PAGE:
end the cable is laid in guide 26 as shown in
Figure 3. For touring skiing and combined posi
tion might be used: the inside cable of the bind
00 ing can then be put in guide 21 and the outside
cable in guide 26.
As shown in the Figures 5 and 6 a still further
guide 21' might be arranged'behind the trailing
portion of the side plates of the toeuirons so as
05 to still more increase the downward or diagonal
pull on the cable and the boot.v In the modi?ca
tion shown in the Figures 5 and 6 the guides 21’
are disposed at the upper edge of the ski. The
cable is then more or less on the same level as
the scle plate.
I
Guides 21 can also be obtained by simply se
curing bolts to the side plates of the toe irons.
Fig. 11 shows a modification according to
which a leather strap is inserted in the cable.
76 Such a binding is especially suitable for use by
children. In such a case the ends of cable i
are not secured to connecting piece 6 in the man
ner shown in Figs. 7 and 8 but now the ends of
the cable are secured to the leather strap 36
whereas the part of the cable in front of con
necting piece 6 is laid over the casing 6. Also
in this case cable I is soldered to connecting piece
6, so as to prevent any mutual movement of these
two parts. Such movements near connecting
piece 6, where the cable is strongly bent would 0
cause rapid wear and deterioration. Therefore,
also when cable I is manufactured so as to form
one single loop it is nevertheless soldered to con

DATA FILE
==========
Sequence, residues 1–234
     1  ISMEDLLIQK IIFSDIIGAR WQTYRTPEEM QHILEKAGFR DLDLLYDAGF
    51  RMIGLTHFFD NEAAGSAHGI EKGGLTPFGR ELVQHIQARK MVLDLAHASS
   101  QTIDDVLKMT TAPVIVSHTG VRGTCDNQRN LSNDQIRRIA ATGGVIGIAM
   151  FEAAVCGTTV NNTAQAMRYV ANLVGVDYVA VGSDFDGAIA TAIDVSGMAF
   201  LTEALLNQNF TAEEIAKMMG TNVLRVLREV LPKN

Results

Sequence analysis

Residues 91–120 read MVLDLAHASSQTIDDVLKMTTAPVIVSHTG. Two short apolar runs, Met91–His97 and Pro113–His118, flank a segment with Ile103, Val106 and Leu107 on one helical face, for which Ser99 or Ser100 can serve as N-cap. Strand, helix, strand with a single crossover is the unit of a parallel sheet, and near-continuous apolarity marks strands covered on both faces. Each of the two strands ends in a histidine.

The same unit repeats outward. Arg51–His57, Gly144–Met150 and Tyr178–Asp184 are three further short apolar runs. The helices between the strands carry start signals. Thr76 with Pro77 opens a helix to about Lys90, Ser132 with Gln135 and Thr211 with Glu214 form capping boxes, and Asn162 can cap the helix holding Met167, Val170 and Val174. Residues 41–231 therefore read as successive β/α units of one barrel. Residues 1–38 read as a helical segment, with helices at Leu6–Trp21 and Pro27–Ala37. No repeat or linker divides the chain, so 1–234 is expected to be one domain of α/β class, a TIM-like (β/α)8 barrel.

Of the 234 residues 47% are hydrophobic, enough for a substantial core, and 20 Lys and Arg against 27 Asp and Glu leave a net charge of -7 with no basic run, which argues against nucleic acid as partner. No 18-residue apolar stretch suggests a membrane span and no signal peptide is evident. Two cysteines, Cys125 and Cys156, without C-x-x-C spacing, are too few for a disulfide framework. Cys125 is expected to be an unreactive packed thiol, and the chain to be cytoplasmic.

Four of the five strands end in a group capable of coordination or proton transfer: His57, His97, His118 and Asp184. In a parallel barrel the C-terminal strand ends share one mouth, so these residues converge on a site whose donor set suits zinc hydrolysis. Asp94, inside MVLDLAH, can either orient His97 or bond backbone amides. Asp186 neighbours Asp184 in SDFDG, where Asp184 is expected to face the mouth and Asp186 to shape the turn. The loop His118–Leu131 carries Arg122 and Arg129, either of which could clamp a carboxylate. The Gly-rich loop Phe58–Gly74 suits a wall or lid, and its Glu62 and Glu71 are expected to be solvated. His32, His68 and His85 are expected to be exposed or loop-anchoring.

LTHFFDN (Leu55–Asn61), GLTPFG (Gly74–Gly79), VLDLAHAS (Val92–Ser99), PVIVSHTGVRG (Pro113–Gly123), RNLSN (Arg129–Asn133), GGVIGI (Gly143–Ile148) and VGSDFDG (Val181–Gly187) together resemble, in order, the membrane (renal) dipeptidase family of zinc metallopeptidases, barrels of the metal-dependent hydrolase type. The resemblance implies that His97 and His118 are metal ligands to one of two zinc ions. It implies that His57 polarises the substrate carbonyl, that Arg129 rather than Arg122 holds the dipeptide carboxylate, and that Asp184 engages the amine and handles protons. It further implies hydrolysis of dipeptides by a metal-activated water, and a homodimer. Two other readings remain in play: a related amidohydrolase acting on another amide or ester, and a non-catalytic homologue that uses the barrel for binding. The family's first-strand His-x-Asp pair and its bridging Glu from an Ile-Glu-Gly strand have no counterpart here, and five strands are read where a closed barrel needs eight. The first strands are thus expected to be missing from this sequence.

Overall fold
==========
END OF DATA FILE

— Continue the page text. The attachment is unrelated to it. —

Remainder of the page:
necting piece 6.
-
The cable might also be directly connected to
the stretching lever IS without interposing a
spring between cable and lever. Besides the
stretcher I 6 a second stretcher of the usual type
might be arranged in the heel portion of the
cable. It is also possible to dispose a spring in 20
front of the toe irons and the stretcher in the
heel portion of the cable.
A last modi?cation of the stretching device is
shown in Figures 13 and 14. The only difference
lies in another way of securing connecting piece 25
to the spring casing. According to this modifi
cation cable I is fastened in a hook 33 which is
provided with two pairs of resilient lugs 36 and
32 which can be placed in serrations 3| of the
bottom of the casing-6. Hook 33 is fitted with a 30
guide bush for the cable.
,
As may be seen from the drawings the pro
tective layer of helically wound wire around the
cable consists of a special wire the pro?le of
which tapers in one direction.
Thus a ?exible 35
cable is obtained.
Having thus described my invention in several
embodiments, I am aware that numerous and
extensive departures may be made from the em
bodiments herein illustrated and described but 40
without departing from the spirit of my inven
tion.
‘
What I wish to claim is:
1. In skis wherein is provided toe irons to re